Concentration Risk Reaching Historic Levels

Earlier this month, long-time broadcaster Hugh Downs died at the ripe old age of 99 (Full disclosure: I worked with Hugh during his tenure as a PBS host in the early ‘80s). Among his many network gigs was an 11-year stint as host of the game show “Concentration,” which challenged contests to recall the placement of prize tiles to solve a puzzle.

There’s another version of concentration that often confronts investors, one that sometimes offers prizes and at other times aggravated losses. A portfolio is deemed concentrated when an inordinate exposure to an individual stock, sector or style is countenanced. Sadly, there’s no hard-and-fast definition of inordinate exposure but, like Supreme Court Justice Potter’s description of pornography, you’re likely to know it when you see it. That is IF you can see it.

Often, concentration is implied through its opposite number—breadth. While measures of market breadth abound, there’s one simple-to-follow metric that sheds light on the concentration found in that most ubiquitous of benchmarks, the S&P 500 portfolio.

By taking the price ratio of the Invesco S&P 500 Equal Weight ETF (NYSE Arca: RSP) over the SPDR S&P 500 Trust (NYSE Arca: SPY), you can actually see concentration in action. RSP, as its name implies, takes all the S&P stocks and weights them equally. SPY, like the index it tracks, weights its stock holdings by their market capitalizations.

Cap weighting allows portfolio positions to rise and fall as share prices and floats vary. As investor interest in Amazon.com Inc. mushroomed, for example, so too did its heft in SPY. Five years ago, AMZN was a $400 stock. Now it changes hands at nearly $1,600 a copy and accounts for nearly 5% of SPY’s total capitalization. At the opposite extreme is lowly Coty Inc., claiming just a half-percent of the ETF’s market value. The upshot? As AMZN goes, so goes SPY. COTY’s influence on SPY’s market direction is negligible.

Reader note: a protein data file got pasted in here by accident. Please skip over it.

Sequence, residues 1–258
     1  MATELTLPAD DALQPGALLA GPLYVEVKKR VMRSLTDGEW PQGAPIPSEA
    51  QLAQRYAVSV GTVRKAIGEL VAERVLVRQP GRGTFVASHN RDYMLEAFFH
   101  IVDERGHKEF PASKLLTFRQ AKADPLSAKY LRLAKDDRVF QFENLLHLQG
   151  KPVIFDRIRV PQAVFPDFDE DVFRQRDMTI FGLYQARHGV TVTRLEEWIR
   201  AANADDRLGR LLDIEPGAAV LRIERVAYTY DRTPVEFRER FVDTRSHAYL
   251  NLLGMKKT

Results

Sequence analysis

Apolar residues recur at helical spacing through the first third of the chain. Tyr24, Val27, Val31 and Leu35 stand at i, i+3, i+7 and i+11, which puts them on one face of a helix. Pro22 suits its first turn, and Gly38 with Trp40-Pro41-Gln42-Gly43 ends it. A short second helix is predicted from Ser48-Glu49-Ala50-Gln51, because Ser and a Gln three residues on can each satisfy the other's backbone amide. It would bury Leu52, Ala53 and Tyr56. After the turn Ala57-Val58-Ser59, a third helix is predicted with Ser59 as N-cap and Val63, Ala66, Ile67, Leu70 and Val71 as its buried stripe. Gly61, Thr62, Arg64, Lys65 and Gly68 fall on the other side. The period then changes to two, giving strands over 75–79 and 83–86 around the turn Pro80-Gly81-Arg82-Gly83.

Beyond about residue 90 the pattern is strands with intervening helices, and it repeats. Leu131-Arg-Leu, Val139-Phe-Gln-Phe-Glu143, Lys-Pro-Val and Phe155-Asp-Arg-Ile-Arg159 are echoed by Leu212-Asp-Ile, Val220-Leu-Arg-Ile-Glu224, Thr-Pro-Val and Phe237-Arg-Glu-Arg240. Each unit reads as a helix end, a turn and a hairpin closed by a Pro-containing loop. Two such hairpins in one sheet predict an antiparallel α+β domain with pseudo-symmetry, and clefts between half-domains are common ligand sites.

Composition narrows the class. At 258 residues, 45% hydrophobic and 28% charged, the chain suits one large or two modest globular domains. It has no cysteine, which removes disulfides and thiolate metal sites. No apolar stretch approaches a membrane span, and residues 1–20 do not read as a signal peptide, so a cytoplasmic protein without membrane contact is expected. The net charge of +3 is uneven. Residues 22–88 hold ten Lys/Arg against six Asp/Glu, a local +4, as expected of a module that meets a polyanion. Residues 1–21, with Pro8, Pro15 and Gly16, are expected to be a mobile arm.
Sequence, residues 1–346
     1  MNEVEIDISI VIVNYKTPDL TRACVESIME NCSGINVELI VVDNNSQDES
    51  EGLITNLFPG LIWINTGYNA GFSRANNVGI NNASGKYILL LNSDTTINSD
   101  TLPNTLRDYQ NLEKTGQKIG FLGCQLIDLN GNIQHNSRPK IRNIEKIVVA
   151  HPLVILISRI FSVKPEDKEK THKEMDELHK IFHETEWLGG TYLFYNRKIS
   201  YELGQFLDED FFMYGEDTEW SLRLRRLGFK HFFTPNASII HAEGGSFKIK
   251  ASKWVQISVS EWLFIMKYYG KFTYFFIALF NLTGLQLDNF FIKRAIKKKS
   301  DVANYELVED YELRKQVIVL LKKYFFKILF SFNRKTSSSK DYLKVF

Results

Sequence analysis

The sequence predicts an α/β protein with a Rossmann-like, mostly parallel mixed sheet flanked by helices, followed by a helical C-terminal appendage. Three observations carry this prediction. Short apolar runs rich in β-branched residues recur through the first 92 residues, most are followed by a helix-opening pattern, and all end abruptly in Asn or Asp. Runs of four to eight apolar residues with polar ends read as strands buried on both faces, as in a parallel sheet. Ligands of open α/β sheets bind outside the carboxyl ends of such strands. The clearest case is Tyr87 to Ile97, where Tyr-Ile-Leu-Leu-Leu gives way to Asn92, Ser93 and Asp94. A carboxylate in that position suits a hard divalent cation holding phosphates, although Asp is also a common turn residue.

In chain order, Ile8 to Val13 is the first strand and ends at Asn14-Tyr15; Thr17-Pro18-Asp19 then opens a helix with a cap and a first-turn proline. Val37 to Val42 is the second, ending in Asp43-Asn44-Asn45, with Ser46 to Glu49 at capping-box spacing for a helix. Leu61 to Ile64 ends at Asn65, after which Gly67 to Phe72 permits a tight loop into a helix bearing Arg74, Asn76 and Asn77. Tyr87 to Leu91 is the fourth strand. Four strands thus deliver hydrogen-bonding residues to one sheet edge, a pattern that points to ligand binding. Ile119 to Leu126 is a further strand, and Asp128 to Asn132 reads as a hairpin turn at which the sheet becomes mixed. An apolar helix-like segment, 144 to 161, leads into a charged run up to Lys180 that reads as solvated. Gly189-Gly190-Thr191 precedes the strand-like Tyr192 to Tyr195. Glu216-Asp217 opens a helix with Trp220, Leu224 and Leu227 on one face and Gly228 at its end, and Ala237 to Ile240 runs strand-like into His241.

The equal weighting scheme employed by RSP, on the other hand, gives small stocks like COTY greater expression in the Invesco fund’s pricing. COTY and AMZN are nearly co-equal determinants of RSP’s market direction.

This differential is prima facie evidence of greater concentration (read: diminished breadth) in the SPY portfolio.

Concentration’s trend is reflected in the chart below. The breadth (RSP/SPY) ratio highlights how concentration ebbs and flows in the broad market proxied by the S&P 500.

The ratio’s been downtrending since the November 2016 election and has now sunk well below its one-year moving average. Breadth is shrinking to levels last seen in the depths of the 2008-2009 Great Recession. Still, SPY’s ever-mounting concentration has been, in large part, good for passive investors. Recently, the average annual gain for SPY has been 13 percent; for RSP, it’s been just 8%.

(Click on image to enlarge)

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You can account for the return differential along more than one spectrum. The most obvious, of course, is the capitalization allocation. SPY’s total market weight breaks down to 88% large-cap stocks and 12% mid caps. RSP’s a much more balanced portfolio—48% large caps, 50% mid caps and 2% small stocks.